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  • Gaza freedom march looking ahead


    Medea Benjamin: Cairo declaration will lead to more international actions in support of people of Gaza -   January 17, 2010
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    Gaza freedom march looking aheadPAUL JAY, SENIOR EDITOR, TRNN: Welcome to The Real News Network. I'm Paul Jay in our studio in Washington. Now joining us and just back from Gaza is Medea Benjamin, cofounder of Code Pink. Thanks for joining us.

    MEDEA BENJAMIN: Nice to be here.

    JAY: So you went to Egypt, tried to get into Gaza with about 1,400 internationals, I think, as you were calling yourselves. What did you expect when you went, and what did you get?

    BENJAMIN: Well, I went representing both Gaza Freedom March and Code Pink. And as Code Pink, we have taken seven different trips to Gaza in the last year. Every time, we've worked with the government of Egypt, and every time we've gotten in. So we thought, "Alright, this is just a bigger trip"—and it was huge. But we'd been working with the Egyptian government for months, many months, and furnished them with all the information they wanted—everybody's names, everybody's passports, everybody's birthdays, everybody's occupations—so they could do their own security checks. We did all that. And then, a week before the trip, they said we couldn't go. What we had expected is we were going to take 1,362 people into Gaza, we were going to have a Gandhi-like walk to the Israeli border, we were going to spend a couple of days learning about the situation, and we were going to go home.

    JAY: So what happened? They told you you can't go before you all got on the planes, or once you got there?

    BENJAMIN: Well, it was as people were getting on the planes. And, you know, people make their reservations way in advance. It's holiday season. We tell people, you know, you'd better get your tickets. And so when they told us no, well, we thought, we've heard "no" before that turns into "yes", that if the people come, they're not going to want us angry sitting in Cairo—they're going to want us happy on the way to Gaza. They'll change their minds. And so we told people we've been rejected, but we think we can turn that around. We encourage you to still come.

    JAY: And everybody went, more or less.

    BENJAMIN: Just about everybody came.

    JAY: So you get to Cairo, and Egyptians are quite serious about their "no". They say "no" means no.

    BENJAMIN: It's very different than we thought, right, because not only did they say no, but immediately they start blocking everything we wanted to do, including getting together. We had reserved an auditorium for an orientation. We needed a big place for us all to come together. We had gotten a permit, because foreigners need a permit for that. Lo and behold, the day before the orientation, we were told, "No, we yanked your permit. You can't meet there." Everywhere we started to go to get another place, they said, "No, government's already said we can't allow you." The government wouldn't allow us to meet the entire time we were there. So it was pretty chaotic to have people from 43 countries pouring into Cairo, not being able to even meet to discuss, "Alright, now what do we do?"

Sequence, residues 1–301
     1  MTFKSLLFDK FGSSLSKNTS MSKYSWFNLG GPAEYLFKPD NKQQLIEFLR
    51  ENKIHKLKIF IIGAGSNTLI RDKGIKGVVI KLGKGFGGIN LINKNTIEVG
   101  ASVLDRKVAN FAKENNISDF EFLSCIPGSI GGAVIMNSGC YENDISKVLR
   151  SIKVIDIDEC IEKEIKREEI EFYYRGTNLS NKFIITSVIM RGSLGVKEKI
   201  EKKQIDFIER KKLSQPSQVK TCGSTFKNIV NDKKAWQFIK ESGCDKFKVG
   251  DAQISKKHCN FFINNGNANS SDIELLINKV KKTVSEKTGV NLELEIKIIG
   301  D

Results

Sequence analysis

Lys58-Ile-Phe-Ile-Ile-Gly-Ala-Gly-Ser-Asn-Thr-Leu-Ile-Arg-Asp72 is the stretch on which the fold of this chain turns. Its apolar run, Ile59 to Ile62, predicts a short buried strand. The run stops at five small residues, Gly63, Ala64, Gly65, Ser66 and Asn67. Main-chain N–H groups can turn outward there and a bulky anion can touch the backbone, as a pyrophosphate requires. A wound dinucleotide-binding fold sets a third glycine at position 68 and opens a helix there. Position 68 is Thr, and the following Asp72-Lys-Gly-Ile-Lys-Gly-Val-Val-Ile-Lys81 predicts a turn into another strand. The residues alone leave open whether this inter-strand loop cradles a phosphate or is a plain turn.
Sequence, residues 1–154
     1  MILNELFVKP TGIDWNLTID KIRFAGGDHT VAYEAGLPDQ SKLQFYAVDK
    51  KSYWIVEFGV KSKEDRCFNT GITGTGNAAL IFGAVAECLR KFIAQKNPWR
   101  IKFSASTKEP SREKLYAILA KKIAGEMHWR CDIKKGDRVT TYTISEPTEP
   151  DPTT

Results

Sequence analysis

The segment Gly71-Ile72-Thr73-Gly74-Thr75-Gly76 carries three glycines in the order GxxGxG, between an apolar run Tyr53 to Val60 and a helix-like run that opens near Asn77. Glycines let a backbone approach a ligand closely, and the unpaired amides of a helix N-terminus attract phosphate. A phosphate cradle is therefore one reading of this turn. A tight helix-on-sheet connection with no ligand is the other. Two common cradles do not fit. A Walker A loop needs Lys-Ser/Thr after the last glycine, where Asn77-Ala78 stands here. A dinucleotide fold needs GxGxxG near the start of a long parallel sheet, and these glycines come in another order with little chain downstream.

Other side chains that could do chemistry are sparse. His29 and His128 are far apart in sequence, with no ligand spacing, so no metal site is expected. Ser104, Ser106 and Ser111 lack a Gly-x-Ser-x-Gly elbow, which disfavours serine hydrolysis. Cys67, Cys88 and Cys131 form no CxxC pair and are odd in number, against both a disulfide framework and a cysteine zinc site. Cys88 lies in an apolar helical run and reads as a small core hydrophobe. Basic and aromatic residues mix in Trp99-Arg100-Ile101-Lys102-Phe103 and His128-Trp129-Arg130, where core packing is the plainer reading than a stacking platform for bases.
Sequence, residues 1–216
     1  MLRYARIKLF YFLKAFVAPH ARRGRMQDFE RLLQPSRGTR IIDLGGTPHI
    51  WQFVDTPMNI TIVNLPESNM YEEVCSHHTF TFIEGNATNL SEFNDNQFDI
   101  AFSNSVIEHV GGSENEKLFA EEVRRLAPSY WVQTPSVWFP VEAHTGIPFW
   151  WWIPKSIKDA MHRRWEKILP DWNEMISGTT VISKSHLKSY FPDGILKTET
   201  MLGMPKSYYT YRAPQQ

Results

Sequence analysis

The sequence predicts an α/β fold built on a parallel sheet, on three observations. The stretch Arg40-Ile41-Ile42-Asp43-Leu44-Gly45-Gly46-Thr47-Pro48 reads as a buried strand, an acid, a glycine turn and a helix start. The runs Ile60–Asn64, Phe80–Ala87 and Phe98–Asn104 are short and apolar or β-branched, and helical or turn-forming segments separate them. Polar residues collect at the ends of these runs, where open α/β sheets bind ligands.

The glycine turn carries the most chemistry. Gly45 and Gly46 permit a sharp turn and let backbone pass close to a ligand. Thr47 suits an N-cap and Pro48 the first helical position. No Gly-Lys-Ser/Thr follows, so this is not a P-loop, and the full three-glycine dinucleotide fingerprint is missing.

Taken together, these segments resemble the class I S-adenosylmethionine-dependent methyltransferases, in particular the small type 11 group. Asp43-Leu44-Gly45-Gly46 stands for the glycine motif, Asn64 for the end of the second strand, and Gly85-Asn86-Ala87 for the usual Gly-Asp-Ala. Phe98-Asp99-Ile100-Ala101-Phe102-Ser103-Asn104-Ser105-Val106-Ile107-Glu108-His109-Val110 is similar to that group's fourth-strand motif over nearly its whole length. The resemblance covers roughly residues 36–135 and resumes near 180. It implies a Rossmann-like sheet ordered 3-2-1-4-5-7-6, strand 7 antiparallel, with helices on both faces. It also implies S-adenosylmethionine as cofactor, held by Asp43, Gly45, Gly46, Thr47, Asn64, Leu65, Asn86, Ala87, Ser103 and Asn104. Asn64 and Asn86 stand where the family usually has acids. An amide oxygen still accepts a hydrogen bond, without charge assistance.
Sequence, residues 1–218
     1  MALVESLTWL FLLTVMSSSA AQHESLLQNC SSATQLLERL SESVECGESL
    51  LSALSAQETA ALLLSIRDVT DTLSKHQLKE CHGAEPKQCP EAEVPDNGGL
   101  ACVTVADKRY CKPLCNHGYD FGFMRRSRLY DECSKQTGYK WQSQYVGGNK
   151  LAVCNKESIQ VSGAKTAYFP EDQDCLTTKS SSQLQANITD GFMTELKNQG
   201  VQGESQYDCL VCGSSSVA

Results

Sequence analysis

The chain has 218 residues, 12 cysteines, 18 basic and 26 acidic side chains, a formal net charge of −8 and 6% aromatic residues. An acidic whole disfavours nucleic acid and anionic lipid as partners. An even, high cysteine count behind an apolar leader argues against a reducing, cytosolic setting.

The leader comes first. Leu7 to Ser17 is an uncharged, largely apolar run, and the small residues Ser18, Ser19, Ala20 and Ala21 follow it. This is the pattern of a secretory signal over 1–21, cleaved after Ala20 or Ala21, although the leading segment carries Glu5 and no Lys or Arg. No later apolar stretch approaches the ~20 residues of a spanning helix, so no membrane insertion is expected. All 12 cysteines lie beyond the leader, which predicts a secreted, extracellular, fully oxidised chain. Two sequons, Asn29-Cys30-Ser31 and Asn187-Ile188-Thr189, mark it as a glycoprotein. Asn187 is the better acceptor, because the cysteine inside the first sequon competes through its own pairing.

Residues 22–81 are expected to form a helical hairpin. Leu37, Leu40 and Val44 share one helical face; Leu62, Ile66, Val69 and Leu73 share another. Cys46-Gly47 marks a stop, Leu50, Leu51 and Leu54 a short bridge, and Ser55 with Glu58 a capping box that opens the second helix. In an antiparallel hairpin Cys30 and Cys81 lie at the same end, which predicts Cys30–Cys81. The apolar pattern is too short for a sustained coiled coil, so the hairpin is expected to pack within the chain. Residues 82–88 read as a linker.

JAY: So what did this reveal for you about the role Egypt plays in the blockade of Gaza?

    BENJAMIN: Well, first of all, I think it was a very strange decision. The Egyptians seriously miscalculated. They should have just let us in. We would have gone in, had a heartfelt time in Gaza, and left. Instead what they created was chaos on the streets of Cairo, and actually from Cairo all the way to the border, because most of us were Westerners, a lot of Europeans. They know how to protest. They don't say, "Thank you very much. We're going home now." In fact, what the French did—there were 300 French—they lied down in the middle of a main thoroughfare, literally put their bodies and lied down and blocked traffic for hours and hours, until the ambassador from the French Embassy had to come out and say, "Alright, I'll work and negotiate on your behalf." There were, every day, then explosions of demonstrations here and there that the Egyptians didn't know what to do with, because they didn't want to be seen beating up on foreigners. And yet—.

    JAY: Which they did.

    BENJAMIN: Which they did. And they were beating up on elderly women. I mean, we had a woman, 85-year-old Holocaust survivor, Hetty Epstein, who, when the Egyptian government wouldn't let her in, said, "Alright. I'm going on a hunger strike," and plopped herself down in front of the Journalists Union, which was illegal for a foreigner to do, and surrounded by all kinds of supporters and the riot police. And they were saying, "Well, what are we going to do with this 85-year-old woman here?" So it was a huge dilemma for them. But they did beat up on us. They did try to block us at every move. They even locked us in our hotels. They put up big blockades and wouldn't let people out of their hotels.

    JAY: So did you get a sense why the Egyptian government seemed to have changed their position on this? Some pressure came from somewhere.

    BENJAMIN: I think the pressure came from the Israeli side. The Israelis did not want us to go in. They did not want us delivering the humanitarian aid. They did not want us walking to the Israeli border and saying, "Lift the siege of Gaza." I think they put pressure on Egypt. I think the American government did not want us going. In fact, when we went to the US Embassy to try to get help, instead of getting help we got detained outside our own embassy for hours. And finally, when we got to see somebody from the embassy, they said, "We don't think you should go to Gaza, so we're not going to help you at all." Egypt gets $2 billion a year from the US government. The US government has a lot of influence. They certainly did not help us; in fact, I think the US government hurt us. And then the other excuses they gave: they said it was too dangerous, that there was fighting going on at the border. That's partially true, because Egypt started building a wall to block the tunnels between Gaza and Egypt.

    JAY: Yeah, so let's be clear: this is, like, big steel shafts, essentially, they're sticking into the ground to make it impossible to bring the tunnels from Gaza into Egypt.

    BENJAMIN: Yes. This is quite an advanced technology being used in the desert to drive these big, big, huge poles into the ground, and to create this underground wall. It's being done with the help of the US Army Corps of Engineers with US technology. And it is trying to stop the only commercial lifeline there is for the people of Gaza. And when we found out about the wall, that was even more reason to protest the Egyptian government. And in fact we joined in, then, with Egyptian activists to have protests against the building of the wall.